If I drive for 15 minutes from my house, I will drive right by a few schools rated A or B, but if I drive for 15 minutes from my house in the opposite direction, I will drive by schools rated D or F. What many D and F schools have in common is they serve a high population of minority students and/or a high population of students who qualify for free and reduced lunch.  Regardless of political party affiliation, no one wants a child to attend a failing school.  What we continue to debate about is who is responsible for ensuring all students, regardless of race or socioeconomic status, has access and are able to attend excellent schools.

Under President Obama, rules were included in the Every Student Succeeds Act to hold schools accountable for its students’ academic performance.  Earlier this week, President Trump removed those rules. He also removed requirements for programs that train K-12 educators. Democrats have been vocal about why they disagree with the President’s decision and fear without these federal regulations in place that failing schools, many who serve minorities and students who qualify for free and reduced lunch, will continue to perform poorly.

During his campaign for President, President Trump made it clear that he was going to undo any legislation passed by President Obama that he felt was unnecessary.  He stated this several times; we knew this was coming.  Instead of burning energy arguing and complaining, we need to focus on what we can control and work on alternate solutions.  If the only way schools can be held accountable for their outcomes is through federal regulation, then we have a bigger problem.  Instead of going straight to the top, we need begin our efforts from our locus of control. Educators, parents, and community members need to get involved in local government and involved in their local schools.  Even if you do not have children or do not have children in school any longer, you still need to be involved.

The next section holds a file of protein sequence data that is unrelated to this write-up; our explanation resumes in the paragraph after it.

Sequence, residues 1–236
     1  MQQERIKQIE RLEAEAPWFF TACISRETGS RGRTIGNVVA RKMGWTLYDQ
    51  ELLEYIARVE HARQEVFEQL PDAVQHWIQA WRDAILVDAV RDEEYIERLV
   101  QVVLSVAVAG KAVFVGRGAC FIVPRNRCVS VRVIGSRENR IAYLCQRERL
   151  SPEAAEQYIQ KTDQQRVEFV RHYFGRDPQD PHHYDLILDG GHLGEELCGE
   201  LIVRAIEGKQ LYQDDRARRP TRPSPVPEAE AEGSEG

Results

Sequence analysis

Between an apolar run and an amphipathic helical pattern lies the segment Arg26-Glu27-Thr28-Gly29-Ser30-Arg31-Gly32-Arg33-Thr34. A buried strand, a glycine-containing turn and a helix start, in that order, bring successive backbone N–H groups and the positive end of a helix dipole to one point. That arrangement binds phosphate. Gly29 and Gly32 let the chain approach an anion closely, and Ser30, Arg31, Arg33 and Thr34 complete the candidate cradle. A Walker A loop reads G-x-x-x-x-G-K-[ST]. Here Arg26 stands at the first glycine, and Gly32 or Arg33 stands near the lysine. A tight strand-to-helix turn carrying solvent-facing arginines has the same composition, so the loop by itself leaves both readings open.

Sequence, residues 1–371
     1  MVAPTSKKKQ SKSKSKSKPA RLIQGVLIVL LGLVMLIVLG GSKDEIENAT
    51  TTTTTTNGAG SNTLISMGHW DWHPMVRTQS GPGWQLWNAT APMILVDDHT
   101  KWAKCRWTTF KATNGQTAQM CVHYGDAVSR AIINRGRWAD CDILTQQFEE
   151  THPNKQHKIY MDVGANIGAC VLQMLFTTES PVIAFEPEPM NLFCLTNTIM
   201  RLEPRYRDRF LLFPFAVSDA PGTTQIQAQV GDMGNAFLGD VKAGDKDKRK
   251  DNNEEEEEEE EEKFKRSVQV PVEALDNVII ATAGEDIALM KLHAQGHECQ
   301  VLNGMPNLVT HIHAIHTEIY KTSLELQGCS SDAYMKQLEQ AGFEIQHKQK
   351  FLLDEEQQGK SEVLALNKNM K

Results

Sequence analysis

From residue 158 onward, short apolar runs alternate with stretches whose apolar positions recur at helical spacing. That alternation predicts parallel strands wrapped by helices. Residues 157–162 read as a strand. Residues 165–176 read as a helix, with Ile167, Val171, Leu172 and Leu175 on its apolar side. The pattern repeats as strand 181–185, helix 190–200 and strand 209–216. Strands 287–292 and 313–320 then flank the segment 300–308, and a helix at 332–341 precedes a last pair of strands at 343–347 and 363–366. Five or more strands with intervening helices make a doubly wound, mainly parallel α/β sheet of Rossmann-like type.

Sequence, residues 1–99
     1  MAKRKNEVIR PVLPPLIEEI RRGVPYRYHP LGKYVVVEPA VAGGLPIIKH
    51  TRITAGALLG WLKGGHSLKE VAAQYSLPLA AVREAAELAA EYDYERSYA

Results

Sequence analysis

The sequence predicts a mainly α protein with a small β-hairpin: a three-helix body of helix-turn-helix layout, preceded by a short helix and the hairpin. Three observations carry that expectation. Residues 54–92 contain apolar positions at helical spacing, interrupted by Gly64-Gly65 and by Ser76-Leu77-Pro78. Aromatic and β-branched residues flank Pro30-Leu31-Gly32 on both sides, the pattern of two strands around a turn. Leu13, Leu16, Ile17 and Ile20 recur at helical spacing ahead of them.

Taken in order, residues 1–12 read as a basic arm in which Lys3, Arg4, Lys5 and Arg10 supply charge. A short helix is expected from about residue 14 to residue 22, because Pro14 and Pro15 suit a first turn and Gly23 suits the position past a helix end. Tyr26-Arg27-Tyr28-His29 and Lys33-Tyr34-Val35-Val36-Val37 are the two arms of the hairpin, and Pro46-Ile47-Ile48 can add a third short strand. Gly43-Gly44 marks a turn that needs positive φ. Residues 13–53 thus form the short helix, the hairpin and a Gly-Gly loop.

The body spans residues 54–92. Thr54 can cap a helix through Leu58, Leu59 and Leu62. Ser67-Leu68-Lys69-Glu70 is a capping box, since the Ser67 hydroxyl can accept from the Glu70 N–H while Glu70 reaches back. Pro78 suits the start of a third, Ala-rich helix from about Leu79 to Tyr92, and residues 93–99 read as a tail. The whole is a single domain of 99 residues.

National Equity Atlas, a data and policy tool to ensure equity, states “These “high-poverty schools” are charged with educating children who need more supports and services, yet are given inadequate funding, leading to a growing population of young people of color who are under-prepared to succeed in the workforce.”  Children who do not receive a good education are more likely to become adults who are not model citizens -- adults who are more likely to commit crimes, end up in jail, struggle with mental health, and have children who follow the same path.  Yes, we need schools to be held accountable, but we also need to help them.  Regulations, be it federal or local, forces school to do what is in their power to meet the requirements, but regulations alone will not solve the problems of failing schools.  If it had, we would not be in the situation we are in now.